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If you want to know something about a ministry, you can look at its history and goals – and do everything the logical way…But if you want to really know…then ask the people who experience it.

“Lady, what would my life be like if I was your son?” three year old Tavan Williams* asked me. “I wasn’t old enough to be anyone’s mother, but his words brought tears to my eyes.

 ‘Your life would be different,’ Kelley, a teen from Kokomo, Indiana answered, “But maybe not happier.” Kelley was serving as a teen volunteer at Visions Day Care Center, one of the sites associated with Franciscans for the Poor in Cincinnati, Ohio.

“Although people can be ‘beat up’ by circumstances, they make the best of it”… “One man told me: ‘You have to have dreams and hope -- and never give up!’”… “Poverty exists right under our noses. We just overlook it, or look the other way”… “I look at stuff a different way now.”

These are pretty typical comments volunteers make about their experiences. And this is why Sr. Marie Clement Edrich founded the program to begin with: to give young people an opportunity to meet ‘the poor’ upfront and personal – and to understand that ‘they’ are you, your friends, and your family! “It was an eye-opener,” Robby Dixon, a teen from Kokomo, IN said. “…these are regular people who are just down on their luck. They are you, your friends, your family.” Una volontaria prepara un vassoio di cibo al CHIPSUna volontaria prepara un vassoio di cibo al CHIPS

Franciscans for the Poor provides short-term opportunities for individuals and groups to serve – and to meet -- the poor in the Greater Cincinnati Area. They do so by offering weeks (or even weekends) of structured activities emanating from a former Convent -- Tau House – organized by the director, Marci Peebles, and working in over 24 service sites throughout the Tri-State area.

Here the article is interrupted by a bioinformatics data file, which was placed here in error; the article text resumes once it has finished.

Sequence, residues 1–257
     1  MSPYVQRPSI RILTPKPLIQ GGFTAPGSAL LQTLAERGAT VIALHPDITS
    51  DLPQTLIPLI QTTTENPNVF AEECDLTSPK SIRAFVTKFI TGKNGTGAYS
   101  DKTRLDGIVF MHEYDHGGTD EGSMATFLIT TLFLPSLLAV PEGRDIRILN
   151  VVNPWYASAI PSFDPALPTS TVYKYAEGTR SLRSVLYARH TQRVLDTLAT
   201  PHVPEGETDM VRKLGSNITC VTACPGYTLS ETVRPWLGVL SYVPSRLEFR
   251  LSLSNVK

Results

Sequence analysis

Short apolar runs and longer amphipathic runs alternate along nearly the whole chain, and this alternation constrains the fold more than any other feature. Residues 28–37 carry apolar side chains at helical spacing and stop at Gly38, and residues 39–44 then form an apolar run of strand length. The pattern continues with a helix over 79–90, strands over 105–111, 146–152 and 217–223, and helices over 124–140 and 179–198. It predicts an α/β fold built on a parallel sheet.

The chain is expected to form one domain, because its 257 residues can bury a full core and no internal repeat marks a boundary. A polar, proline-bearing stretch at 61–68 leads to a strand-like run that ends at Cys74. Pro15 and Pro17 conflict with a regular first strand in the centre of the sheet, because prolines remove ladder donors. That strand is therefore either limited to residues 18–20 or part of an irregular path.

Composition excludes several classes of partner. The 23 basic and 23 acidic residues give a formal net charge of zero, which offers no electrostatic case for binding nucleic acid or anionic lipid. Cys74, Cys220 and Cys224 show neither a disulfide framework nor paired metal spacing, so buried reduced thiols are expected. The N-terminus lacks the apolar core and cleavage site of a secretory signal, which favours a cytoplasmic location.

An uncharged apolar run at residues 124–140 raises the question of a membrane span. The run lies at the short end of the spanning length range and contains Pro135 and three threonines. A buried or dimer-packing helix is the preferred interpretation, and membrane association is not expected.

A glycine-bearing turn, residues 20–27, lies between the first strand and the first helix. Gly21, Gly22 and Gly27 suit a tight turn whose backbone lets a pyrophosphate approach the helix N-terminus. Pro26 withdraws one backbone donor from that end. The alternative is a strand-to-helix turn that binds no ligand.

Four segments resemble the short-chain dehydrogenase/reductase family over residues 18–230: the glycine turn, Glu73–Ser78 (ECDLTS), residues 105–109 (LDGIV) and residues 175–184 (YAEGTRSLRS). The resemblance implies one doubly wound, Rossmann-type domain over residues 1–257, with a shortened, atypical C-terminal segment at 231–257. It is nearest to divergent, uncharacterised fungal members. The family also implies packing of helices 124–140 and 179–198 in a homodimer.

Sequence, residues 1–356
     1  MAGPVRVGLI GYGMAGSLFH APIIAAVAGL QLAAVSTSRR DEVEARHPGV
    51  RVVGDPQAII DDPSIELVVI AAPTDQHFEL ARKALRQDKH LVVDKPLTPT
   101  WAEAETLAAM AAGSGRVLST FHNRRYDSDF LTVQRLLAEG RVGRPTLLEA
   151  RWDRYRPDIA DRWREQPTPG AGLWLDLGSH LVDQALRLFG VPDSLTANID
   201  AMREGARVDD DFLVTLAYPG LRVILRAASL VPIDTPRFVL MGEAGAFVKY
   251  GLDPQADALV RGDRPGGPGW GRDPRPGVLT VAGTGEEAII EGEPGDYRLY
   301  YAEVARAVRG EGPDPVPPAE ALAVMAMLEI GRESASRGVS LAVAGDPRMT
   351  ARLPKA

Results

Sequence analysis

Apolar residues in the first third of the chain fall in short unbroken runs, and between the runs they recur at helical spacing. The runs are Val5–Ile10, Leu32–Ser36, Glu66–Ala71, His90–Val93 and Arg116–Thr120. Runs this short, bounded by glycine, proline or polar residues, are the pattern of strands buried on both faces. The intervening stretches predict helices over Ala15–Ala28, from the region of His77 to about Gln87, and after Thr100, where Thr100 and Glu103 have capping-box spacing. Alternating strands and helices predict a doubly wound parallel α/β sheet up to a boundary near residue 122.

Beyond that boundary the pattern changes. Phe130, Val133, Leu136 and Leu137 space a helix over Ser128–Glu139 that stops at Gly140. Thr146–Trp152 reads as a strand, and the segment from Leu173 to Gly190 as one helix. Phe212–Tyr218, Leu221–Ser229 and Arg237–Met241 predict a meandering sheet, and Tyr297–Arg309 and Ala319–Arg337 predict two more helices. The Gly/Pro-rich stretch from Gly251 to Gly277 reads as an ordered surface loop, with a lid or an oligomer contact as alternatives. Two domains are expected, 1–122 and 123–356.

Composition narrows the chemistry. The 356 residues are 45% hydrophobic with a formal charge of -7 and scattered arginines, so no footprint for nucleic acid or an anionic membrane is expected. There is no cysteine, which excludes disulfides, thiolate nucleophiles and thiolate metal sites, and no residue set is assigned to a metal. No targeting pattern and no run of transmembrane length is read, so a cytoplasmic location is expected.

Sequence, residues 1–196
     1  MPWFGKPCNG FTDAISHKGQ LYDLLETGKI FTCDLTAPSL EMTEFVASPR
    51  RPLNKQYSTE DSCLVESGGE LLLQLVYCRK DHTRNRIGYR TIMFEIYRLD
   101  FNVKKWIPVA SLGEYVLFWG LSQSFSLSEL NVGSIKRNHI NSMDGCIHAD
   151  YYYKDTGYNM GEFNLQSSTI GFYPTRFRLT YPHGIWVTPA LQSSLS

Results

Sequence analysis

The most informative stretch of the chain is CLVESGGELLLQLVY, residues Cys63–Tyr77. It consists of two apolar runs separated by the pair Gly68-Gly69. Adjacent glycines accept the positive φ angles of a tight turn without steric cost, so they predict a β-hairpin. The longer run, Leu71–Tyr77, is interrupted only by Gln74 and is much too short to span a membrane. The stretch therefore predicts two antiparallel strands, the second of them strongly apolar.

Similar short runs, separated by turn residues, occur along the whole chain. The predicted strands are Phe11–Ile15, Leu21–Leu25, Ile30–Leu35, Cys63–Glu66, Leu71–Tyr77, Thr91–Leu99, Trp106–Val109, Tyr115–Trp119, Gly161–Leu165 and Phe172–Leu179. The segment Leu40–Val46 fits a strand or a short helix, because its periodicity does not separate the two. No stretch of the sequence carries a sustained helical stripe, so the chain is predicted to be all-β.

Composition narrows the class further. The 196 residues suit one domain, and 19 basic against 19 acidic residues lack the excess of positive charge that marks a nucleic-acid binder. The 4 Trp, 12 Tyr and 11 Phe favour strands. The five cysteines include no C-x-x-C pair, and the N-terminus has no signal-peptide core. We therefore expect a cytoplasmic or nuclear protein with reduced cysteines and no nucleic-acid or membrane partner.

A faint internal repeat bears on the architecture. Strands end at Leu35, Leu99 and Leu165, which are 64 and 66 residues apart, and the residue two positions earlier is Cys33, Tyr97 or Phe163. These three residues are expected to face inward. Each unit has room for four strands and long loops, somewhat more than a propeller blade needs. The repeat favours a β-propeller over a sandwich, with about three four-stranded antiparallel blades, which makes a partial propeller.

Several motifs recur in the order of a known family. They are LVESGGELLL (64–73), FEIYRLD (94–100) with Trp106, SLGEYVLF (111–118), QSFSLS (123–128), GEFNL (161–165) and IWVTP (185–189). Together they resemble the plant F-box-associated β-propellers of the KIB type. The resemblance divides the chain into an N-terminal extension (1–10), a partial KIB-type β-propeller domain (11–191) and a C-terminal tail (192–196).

An overview…

If there is one thing volunteers learn, it is that there is no such thing as ‘the poor:’ that’s an abstraction. There are only individual people who have lost everything, or who were born with nothing – some even less than nothing! And they learn also that ‘the poor’ are not hopeless or faithless or feckless! They are people, many of them extraordinarily resilient and tenacious, who have dreams and hopes – and with just a little help, a future – just like you and me. And they can be found everywhere, if you Hope in U.S.A. look with eyes that have been opened. They come in all shapes, sizes and ages.

Abbraccio reciproco alla casa di riposoAbbraccio reciproco alla casa di riposo They also learn that it is, indeed, more blessed to give than to receive, which is why one young woman said, “After 5 days here, I don’t want to go home!” A typical day with Franciscans for the Poor starts with Mass, if the volunteers so desire (not all are Catholic), followed by breakfast, reflection and the morning’s ‘launch’ – which prepares them for the worksite they will be visiting that day. Then it’s off to the day’s worksite until mid-afternoon, followed by a little downtime before the day’s ‘dinner crew’ prepares supper. Then everyone helps to clean up and the evening program starts – which may consist of a guest speaker, or a visit from a local charity.

The volunteers spend one evening with the Sisters at St. Clare Convent. After the evening’s program, the group gathers in Tau House’s ‘prayer space’ for shared reflection on the day’s activities. Then it’s ‘lights-out’ at 2100h, as volunteers rest up for another busy day on the morrow.

A transformative experience…

How does one describe an experience, no less a transformative experience? Experience as a general concept comprises knowledge of something gained through involvement in or exposure to that thing.

Generally, it refers to ‘on-the-job training’ rather than book-learning. At Franciscans for the Poor (FFTP) volunteers meet, touch, see, hear, smell and work among  those whose lives are so different from their own that they couldn’t even imagine it any other way. One volunteer, Chelsea Pratt, noted: “Where I live, the lawns are broad and neatly trimmed and the houses are large and wellkept. Here, some of the houses are torn up and they were very small and close together and had no lawns. There were so many different kinds of people walking along the streets; I’d never experienced that kind of diversity…”

To understand, people must see it.